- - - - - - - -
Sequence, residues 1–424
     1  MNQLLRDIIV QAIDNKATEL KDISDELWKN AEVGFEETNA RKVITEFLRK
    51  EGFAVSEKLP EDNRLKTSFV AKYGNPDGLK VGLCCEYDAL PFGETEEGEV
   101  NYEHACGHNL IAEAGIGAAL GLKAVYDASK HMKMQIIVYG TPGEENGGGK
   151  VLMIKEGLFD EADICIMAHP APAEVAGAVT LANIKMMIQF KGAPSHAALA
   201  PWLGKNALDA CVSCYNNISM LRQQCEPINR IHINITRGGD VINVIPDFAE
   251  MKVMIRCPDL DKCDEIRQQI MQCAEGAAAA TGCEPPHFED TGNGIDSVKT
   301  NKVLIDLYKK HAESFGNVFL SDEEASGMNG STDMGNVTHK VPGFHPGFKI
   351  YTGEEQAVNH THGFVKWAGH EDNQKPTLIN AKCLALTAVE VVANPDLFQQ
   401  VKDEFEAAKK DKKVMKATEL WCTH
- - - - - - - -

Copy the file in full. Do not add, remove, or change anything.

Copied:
Sequence, residues 1–424
     1  MNQLLRDIIV QAIDNKATEL KDISDELWKN AEVGFEETNA RKVITEFLRK
    51  EGFAVSEKLP EDNRLKTSFV AKYGNPDGLK VGLCCEYDAL PFGETEEGEV
   101  NYEHACGHNL IAEAGIGAAL GLKAVYDASK HMKMQIIVYG TPGEENGGGK
   151  VLMIKEGLFD EADICIMAHP APAEVAGAVT LANIKMMIQF KGAPSHAALA
   201  PWLGKNALDA CVSCYNNISM LRQQCEPINR IHINITRGGD VINVIPDFAE
   251  MKVMIRCPDL DKCDEIRQQI MQCAEGAAAA TGCEPPHFED TGNGIDSVKT
   301  NKVLIDLYKK HAESFGNVFL SDEEASGMNG STDMGNVTHK VPGFHPGFKI
   351  YTGEEQAVNH THGFVKWAGH EDNQKPTLIN AKCLALTAVE VVANPDLFQQ
   401  VKDEFEAAKK DKKVMKATEL WCTH